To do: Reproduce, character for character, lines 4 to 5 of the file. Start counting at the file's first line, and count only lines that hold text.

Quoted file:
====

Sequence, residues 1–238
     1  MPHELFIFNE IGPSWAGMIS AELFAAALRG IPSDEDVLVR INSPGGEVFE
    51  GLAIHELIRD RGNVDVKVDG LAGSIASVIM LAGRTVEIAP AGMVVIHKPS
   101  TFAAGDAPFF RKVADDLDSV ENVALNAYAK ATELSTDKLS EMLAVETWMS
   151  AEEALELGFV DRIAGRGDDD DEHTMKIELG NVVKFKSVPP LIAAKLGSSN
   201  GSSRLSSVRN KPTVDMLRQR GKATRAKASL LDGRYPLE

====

   101  TFAAGDAPFF RKVADDLDSV ENVALNAYAK ATELSTDKLS EMLAVETWMS
   151  AEEALELGFV DRIAGRGDDD DEHTMKIELG NVVKFKSVPP LIAAKLGSSN